Tacubaya is a Mexico City neighborhood and a former city in its own right. As such, it's a universe of its own. The sites below are intended to guide you on a walking tour. By rights, a good walk of the neighborhood should include just about all of the places below.
The ancient city of Tacubaya was inhabited from about 450 BCE. These peoples were believed to have been Chichimeca. But as the area was mostly known for its strategic access to fresh water, there's little doubt that it changed hands multiple times.
Originally called Acozcomac, it was later renamed Atlalcuihaya, meaning “where water is gathered” in Nahuatl. "Tacubaya" is the Hispanicized version of this same name.
For most of the colonial period, and well into the 19th century, Tacubaya was a suburban town, albeit, an important one. The "Plan of Tacubaya" was the original government reform law which triggered the Reform War of 1861. The city was even renamed "Tacubaya of the Martyrs" in honor of the many people who fell in that war.
The town included neighborhoods all along the ancient lakeshore. Importantly, all of Escandon and Mixcoac to the east and south, and as far north as San Miguel Chapultepec.
Tacubaya was not really subsumed into the greater urban agglomeration until well into the 20th century. And then it was done with many of the setbacks and poor planning decisions that beset other great urban projects of the time. Don't let the traffic turn you away.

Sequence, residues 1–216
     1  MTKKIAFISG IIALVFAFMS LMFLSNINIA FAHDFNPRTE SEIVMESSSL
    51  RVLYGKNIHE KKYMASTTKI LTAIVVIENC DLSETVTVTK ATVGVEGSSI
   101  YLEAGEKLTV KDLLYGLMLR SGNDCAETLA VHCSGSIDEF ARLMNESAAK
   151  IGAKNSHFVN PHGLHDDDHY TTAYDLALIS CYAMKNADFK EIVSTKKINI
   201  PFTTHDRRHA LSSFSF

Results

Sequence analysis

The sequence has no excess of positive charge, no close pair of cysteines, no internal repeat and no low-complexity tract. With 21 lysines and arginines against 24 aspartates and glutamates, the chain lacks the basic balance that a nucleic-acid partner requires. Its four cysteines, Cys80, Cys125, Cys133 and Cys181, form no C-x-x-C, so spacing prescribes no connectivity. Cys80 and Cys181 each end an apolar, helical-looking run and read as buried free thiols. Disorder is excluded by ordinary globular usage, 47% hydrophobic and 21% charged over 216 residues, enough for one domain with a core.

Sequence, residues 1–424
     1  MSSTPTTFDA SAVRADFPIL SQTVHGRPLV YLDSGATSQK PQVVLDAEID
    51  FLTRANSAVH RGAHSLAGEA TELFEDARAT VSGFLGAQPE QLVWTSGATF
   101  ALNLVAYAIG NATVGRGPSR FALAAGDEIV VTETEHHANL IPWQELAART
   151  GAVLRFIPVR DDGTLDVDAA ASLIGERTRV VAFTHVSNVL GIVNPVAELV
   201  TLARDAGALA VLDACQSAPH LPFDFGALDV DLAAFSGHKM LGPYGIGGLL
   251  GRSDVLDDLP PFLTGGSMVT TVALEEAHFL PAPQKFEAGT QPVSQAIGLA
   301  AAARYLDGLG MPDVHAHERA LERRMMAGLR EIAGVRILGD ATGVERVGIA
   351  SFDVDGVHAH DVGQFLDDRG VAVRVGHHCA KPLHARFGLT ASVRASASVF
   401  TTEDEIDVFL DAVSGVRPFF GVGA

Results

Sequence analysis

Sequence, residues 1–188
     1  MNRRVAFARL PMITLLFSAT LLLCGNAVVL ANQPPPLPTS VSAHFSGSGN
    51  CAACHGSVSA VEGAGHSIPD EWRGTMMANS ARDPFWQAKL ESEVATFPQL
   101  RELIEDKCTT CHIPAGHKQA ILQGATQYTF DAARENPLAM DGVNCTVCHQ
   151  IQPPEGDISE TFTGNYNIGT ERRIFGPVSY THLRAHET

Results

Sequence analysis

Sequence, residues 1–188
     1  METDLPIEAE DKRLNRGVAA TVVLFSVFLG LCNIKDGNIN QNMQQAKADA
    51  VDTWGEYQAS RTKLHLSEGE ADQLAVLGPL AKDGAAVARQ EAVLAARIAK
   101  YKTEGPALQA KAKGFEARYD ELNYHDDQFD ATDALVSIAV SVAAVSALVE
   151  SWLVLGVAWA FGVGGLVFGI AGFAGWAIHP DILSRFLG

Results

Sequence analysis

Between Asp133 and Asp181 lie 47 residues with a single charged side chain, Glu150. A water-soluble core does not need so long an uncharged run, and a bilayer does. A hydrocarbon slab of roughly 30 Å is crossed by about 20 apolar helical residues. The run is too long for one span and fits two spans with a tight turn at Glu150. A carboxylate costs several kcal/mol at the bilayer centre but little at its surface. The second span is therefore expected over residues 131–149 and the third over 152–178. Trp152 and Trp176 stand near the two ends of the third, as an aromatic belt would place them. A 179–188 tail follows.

Any Tacubaya walking tour needs to emphasize caution in crossing some of the biggest and busiest of avenues here. But don't be overwhelmed too soon. Emerging from the Metro at Tacubaya one enters a world of markets and commerce, culture and promise. It's too much promise to miss out on.
The sites below are only the highlights. Tacubaya is all the thriving life and spirit you'll encounter along the way between them.
One of the most prominent facades on the skyline in Mexico City, it's your first step into Tacubaya.
Best loved for it's wooded atrium, it's a little known temple and former monastery in the thick of…
A Republican Garden, dating from the mid-19th century, it marks a special place for Tacubaya in the City's…
One of the old hilly neighborhoods of Tacubaya, Becerra's not just a market but a treasured chapel too.
Big, old, and in the midst of Tacubaya, it's the most famous market in the area and for…
One enchanted corner of Tacubaya holds onto a glimpse of ecclesiastic and cartographic history.
With food you'll never forget, Tacubaya's other enormous market is not to be missed.
With the oldest continuously operating seismographs in the hemisphere, this one's got a story to tell.
Among San Miguel Chapultepec's most noteworthy landmarks, it's a surprisingly quiet behemoth.
60 years of food, fun, and community in San Miguel Chapultepec...
Metro Observatorio is the end of the line in the city's west, but don't let that stop you.
At home in one of the city's strongest counter-cultural scenes, Metro Tacubaya is still rocking.
Among the most important homes of the 20th century, the Casa Luis Barragán studio and museum is unmissable.